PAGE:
The architect who designed my college campus tried to encompass the entire world. The chapel was classic New England, the oldest dormitory clearly based on an Oxbridge quad, and the library resembled Frank Lloyd Wright’s international-style Farnsworth House. The college itself was in Central New Jersey, home at that time to some rundown cities and bland suburban shopping malls.
The quad wasn’t the only residence hall. The one I remember best was called Gibbons. It must have been named after someone, a dean or a donor perhaps, but no one ever was curious enough to find out. Gibbons wasn’t single building. It was a double horseshoe of small individual houses, each large enough to house about 15 girls. The other dorms were close to the classroom buildings, the library, student center and dining halls, but Gibbons was over the river and through the woods. To get there, you had to cross a small bridge, walk on a roadway close to a major highway, then cut through some woods, all of this just to get to your bedroom.
My school was a small women’s college, about a mile away from the men’s college of the major university of which we were part. Freshmen were assigned to both dorms and roommates; sophomores, juniors, and seniors chose their own roommates but were assigned to their dorms through a lottery system. Gibbons’ distance from the main campus made it the least popular among the dormitories. But some of my fellow students truly loved Gibbons. They bonded with the other young women in their tiny houses, they liked the privacy the distance from the main part of campus provided to them, and they enjoyed what they considered a warm and cozy atmosphere.
My friend Laura was not among them. Her first months as a freshman living on Gibbons was a daily nightmare of struggling through wind, rain, snow and mud to reach class each morning and return to her room after dinner. She was so depressed and miserable that the Dean of Students, a woman who always tried to retain a lofty distance from her undergraduates, finally intervened and permitted Laura to change dormitories. For the rest of freshman year, she thrived in one of the newly built, apartment building-style dorms.
The lottery system worked this way: one evening each spring, you and your roommate went to the student center and drew a number out of a large urn. The lower your number meant you were assured the best choice of dorm. An unathletic city girl, as we approached sophomore year, I was pleased that my roommate and I drew low-enough numbers to be certain we’d land a room in a dorm we wanted. Just before curfew, Laura burst into our room, threw herself across a bed, and began to cry loudly. We knew what this meant; her number was too high and she had no choice about her dorm. “I can’t go back to Gibbons,” she sobbed over and over. “I can’t go back to Gibbons.” In the end, the Dean of Students intervened again and Laura was assigned to a more centrally located dorm.
All this happened a very long time ago. But I’ve been thinking a lot about Gibbons lately, and the reason for it is clear: college represented a major new phase of my life, the beginning of the beginning for my generation, and as my friends and I approach turning 80, we are at the beginning of another major new phase of our lives, the beginning of the end, as it were.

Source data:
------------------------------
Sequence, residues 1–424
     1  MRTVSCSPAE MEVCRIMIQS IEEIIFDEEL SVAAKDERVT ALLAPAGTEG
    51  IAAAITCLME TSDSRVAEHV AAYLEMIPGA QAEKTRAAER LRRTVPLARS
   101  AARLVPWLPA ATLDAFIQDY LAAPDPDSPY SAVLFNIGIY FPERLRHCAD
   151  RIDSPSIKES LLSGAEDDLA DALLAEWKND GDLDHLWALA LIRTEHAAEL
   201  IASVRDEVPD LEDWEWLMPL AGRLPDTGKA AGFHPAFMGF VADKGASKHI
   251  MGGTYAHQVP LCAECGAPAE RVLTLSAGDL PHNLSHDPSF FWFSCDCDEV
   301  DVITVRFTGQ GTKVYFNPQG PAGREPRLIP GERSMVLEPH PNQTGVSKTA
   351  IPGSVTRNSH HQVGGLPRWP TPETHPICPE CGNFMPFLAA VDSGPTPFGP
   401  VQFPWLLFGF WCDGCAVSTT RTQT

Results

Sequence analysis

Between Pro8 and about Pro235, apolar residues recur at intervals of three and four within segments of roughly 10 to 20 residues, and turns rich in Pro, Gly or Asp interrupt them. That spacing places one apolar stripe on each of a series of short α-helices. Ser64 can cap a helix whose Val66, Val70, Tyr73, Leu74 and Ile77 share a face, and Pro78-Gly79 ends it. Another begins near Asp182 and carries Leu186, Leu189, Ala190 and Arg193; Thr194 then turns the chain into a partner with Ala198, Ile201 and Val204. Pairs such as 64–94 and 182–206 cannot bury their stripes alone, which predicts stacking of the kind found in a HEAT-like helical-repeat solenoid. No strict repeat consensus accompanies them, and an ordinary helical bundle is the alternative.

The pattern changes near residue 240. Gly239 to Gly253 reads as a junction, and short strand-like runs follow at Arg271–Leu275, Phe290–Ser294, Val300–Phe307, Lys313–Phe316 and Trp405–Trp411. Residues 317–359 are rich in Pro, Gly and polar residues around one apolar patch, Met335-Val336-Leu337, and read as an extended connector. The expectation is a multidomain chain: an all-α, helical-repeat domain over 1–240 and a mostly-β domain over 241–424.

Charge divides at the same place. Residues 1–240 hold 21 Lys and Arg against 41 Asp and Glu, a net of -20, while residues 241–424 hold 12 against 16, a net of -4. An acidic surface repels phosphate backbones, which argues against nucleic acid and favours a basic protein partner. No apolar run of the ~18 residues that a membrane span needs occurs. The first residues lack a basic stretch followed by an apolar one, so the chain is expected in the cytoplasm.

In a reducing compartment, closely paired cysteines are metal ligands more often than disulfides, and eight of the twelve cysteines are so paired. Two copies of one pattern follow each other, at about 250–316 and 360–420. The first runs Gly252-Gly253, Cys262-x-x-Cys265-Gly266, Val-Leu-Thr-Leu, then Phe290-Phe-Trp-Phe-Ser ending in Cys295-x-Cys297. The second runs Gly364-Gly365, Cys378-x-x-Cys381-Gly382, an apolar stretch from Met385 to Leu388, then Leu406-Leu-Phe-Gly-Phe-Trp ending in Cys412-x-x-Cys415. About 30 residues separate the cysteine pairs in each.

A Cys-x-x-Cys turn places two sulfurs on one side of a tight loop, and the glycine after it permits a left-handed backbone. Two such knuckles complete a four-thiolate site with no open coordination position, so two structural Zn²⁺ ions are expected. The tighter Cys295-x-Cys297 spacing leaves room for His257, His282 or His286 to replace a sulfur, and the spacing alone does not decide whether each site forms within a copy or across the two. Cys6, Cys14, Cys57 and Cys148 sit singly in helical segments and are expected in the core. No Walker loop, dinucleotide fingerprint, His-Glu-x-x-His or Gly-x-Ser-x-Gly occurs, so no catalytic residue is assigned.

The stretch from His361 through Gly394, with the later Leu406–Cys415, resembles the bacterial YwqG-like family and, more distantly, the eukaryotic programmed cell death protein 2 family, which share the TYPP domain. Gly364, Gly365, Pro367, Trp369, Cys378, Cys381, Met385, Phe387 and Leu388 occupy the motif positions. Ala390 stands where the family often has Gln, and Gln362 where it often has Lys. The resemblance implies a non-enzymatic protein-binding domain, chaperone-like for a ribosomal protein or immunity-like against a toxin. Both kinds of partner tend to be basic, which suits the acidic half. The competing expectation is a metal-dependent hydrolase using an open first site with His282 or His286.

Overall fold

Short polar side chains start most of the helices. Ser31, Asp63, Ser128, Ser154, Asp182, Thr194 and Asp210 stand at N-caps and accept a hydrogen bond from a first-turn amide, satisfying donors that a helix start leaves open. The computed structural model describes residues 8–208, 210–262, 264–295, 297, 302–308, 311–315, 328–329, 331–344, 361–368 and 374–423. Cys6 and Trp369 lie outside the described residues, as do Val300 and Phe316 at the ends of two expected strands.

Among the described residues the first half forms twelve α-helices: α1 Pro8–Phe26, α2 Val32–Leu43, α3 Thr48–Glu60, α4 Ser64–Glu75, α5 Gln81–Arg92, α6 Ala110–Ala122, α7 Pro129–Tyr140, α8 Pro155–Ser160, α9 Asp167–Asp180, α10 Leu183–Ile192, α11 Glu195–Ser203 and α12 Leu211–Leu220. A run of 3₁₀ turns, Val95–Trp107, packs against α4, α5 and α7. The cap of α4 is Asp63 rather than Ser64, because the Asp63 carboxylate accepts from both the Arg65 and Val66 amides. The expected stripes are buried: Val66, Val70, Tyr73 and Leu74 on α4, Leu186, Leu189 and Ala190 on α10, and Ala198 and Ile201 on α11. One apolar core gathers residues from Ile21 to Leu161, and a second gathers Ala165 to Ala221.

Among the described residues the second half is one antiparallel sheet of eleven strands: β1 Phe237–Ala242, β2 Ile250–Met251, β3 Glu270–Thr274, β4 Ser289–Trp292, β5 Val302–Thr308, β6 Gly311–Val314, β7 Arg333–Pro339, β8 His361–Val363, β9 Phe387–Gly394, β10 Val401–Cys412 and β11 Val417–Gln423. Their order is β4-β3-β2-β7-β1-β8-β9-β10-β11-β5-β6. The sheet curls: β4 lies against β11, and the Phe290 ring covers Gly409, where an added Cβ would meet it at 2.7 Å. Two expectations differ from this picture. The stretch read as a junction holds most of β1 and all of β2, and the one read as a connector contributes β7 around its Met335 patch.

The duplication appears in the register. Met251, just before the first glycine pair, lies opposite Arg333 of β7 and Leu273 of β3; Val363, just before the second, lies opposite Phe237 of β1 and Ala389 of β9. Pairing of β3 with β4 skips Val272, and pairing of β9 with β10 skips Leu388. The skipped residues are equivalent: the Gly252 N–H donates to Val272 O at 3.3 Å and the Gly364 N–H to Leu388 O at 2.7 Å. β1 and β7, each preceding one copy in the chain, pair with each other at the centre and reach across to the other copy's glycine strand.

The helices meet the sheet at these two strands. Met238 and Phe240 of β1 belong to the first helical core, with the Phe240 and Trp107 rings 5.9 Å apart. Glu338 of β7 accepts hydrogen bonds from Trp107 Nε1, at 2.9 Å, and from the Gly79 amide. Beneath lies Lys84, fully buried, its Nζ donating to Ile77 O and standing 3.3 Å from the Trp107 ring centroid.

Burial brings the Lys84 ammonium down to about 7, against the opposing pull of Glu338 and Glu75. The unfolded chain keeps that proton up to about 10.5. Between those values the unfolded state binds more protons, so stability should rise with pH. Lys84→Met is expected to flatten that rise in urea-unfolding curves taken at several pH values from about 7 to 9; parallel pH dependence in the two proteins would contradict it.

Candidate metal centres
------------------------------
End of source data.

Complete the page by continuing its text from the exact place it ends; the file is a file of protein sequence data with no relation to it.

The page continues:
Some of my friends have already sold their suburban homes in the Northeast and become permanent residents of senior communities in Florida and Arizona. Others are buying condos in the independent-living sections of communities nearer their children, anticipating the day they will “graduate” to assisted living and continuing care services. As 80—not 18—begins to loom closer in my sight, I sometimes think how pleasant it might be to live in a community where life is designed to meet my needs. I look at the advertisements of nearby senior communities: attractive, cheerful men and women sharing a pleasant meal in a lovely dining hall, enjoying good food and good conversation. And then my mind goes back to the empty dinners in my college dining hall, where there was no choice of menu and the food was terrible anyway, where you buddied up with girls for a table at the beginning of the semester, and were stuck with the same crowd and the same conversation for the coming months. Where the “funny” girls—the ones too fat, too shy, too masculine, just somehow different—were pushed into the farthest corners of the room, eating silently with a group of total strangers. I remember the clique that dominated my freshman dormitory hall, who only spoke to girls they thought were cute or stylish and ignored the rest of us, unless they needed to borrow a sweater or an umbrella.
There were some very nice things about my college, but I never really felt comfortable there. What we called “home-home” was with my parents; “home” was the apartment I would someday set up for myself. The words “college” and “home” never connected in my mind. And that worries me as well about a community designed to support 80 year-olds. So even though walking is a little more difficult these days, I’m staying in my city apartment. When I leave the building each morning to walk to a nearby supermarket or the library. I try to avoid the e-bikes and scooters that zoom along the sidewalks paying no attention to the pedestrians. I try to avoid the cracks in the Boston sidewalks and the steep downhills that are difficult for me since I developed a balance problem. I try to remain erect as the wind rushes directly at me. It’s not always fun, but at least I can still do it, at least it’s not time. Not yet, at least. For as long as possible, I’m not going back to Gibbons.